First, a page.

After some recent discussion with a newer player who is struggling to find his way in the .10c 360-man games on PokerStars, I thought an article about how to approach these games might be well received. Having done a few live training reviews for PokerStarsSchool members in this exact format, I can say with confidence these games can be beat with only a moderate amount of skills. The “level of play” I saw in those reviews was akin to what one might expect in a play money game… a large portion of the field playing with no skill or logic, likely a combination of the stakes not being meaningful to them and there being many pure recreational players just looking to gamble and have fun. There’s nothing wrong with that of course, and it makes for easy money for the skilled players. But most skilled players won’t be playing this low a stake level.
So we are left with a fair mix of droolers, new players, and new aspiring students of the game trying to start building a bankroll from modest means. The more-than-questionable play of the field at large tends to frustrate the new students of the game however. One of the first things you learn as a beginner is about starting hands, playing tight aggressive, etc., and in this type of format you find most players aren’t adhering to any of these principles, and yet they seemingly get lucky with their trash hands and trash play. Rest assured, while bad players do get lucky sometimes on individual hands or in an individual tournament, these are not winning players, they are long term losers with no hope of turning a profit making many mistakes. So with all that said, what is a sound approach to attacking these games?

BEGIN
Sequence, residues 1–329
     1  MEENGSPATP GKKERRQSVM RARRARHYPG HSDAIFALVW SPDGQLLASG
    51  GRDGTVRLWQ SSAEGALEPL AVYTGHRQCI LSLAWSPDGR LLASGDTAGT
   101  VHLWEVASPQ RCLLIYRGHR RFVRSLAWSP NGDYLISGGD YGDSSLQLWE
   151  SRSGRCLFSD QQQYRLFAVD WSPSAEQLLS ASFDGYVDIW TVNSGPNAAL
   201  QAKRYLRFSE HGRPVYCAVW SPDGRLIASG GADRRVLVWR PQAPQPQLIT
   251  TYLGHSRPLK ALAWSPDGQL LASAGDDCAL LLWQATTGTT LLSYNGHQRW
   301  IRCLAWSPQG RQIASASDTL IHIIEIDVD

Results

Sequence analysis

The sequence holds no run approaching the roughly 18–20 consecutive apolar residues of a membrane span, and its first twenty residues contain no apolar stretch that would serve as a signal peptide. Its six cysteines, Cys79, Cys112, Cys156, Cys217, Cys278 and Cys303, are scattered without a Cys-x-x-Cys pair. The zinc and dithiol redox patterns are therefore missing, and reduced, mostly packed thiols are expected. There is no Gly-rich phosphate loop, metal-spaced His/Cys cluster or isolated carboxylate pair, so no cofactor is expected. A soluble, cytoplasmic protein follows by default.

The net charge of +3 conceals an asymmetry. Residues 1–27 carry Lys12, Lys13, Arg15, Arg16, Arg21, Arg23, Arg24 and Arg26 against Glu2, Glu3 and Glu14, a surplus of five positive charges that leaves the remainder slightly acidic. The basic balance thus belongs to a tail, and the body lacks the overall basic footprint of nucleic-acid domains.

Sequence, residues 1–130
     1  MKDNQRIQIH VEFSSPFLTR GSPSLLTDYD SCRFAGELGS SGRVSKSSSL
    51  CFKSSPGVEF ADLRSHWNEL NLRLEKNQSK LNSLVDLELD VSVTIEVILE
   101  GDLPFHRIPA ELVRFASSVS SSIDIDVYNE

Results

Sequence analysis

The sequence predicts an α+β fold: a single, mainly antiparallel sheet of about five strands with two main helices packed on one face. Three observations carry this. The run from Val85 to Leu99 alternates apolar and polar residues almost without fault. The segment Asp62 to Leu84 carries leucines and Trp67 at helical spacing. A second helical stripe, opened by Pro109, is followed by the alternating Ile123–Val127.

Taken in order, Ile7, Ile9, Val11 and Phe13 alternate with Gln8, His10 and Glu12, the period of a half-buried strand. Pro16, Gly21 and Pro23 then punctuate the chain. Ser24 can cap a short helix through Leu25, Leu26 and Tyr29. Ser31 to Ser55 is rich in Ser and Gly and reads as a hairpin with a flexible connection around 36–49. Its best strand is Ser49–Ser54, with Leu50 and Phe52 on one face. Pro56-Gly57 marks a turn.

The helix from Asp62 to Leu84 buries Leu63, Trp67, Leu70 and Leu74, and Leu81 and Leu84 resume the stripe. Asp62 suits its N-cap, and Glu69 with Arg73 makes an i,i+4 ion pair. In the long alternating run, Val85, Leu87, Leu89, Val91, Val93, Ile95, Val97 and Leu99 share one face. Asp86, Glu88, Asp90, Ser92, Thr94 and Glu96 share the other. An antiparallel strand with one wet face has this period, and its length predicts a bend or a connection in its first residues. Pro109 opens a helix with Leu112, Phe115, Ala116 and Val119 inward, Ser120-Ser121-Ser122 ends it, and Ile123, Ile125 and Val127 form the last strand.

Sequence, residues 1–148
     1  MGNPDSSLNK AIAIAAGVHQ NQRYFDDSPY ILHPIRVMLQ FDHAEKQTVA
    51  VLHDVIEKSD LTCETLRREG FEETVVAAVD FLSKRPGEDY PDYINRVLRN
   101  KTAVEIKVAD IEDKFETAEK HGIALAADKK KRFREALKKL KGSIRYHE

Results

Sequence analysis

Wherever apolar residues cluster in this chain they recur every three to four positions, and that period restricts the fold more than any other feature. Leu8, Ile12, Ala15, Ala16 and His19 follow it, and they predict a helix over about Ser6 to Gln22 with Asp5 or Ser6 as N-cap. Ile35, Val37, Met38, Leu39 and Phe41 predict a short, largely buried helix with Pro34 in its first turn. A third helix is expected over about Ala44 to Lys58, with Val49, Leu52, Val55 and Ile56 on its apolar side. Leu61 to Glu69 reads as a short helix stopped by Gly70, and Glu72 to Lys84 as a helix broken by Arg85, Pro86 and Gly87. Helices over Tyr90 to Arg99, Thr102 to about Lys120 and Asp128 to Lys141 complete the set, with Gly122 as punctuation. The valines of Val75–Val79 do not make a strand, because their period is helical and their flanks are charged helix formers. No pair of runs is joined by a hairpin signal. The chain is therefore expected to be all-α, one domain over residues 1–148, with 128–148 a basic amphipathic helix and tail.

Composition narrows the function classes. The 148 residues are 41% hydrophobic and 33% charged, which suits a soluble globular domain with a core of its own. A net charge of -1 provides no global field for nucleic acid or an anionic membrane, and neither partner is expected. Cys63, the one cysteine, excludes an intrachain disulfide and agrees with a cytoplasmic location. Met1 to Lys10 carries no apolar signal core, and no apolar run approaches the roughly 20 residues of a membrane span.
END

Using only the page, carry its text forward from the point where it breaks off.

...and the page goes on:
Before I get into that, I should clarify that I’m talking about any mtt player pool that is incredibly soft. 10c 360’s just happen to fall into that category with consistency, but these tips should apply to all games of a super soft nature. It may be a home game, charitable event, or bar league. It may be a $40 daily at a local casino. Or a micro MTT online. I’m going to break this down into “stages”, which will make sense as I describe below. There’s no specific line in the sand where the mtt moves from one stage to the next… you will have to estimate based on the play you see when you’ve transitioned.
At the start of the event, your player pool is filled with weak fish and raw, unskilled players. The most common mistake these players make is calling too much… they call when they should fold, and they call when they should raise.
- Play a disciplined preflop game. This doesn’t mean wait for KK+… although the crazy tight players will no doubt be profitable in these stages, you can do better. Take flops liberally in late position when it’s cheap to do so (a small % of your stack), don’t put a lot of money in pre without a big hand however.
- Increase bet sizings when value betting. When we are betting expecting to be called by worse, and they WILL be calling with many poor hands, increase the sizing from whatever you might do in a normal environment. Case in point, the newer player mentioned at the beginning opened a premium pair to 4x over a limper. He was following the basic guideline of 3x + 1x for every limper. This is not a cookbook recipe or rigid rule set however, merely a starting point from which you can adjust up or down if the reasons make sense. In this field, they will call liberally with inadequate hand values, go ahead and charge them a premium for their spewing. I would have raised to 6x minimum in his spot.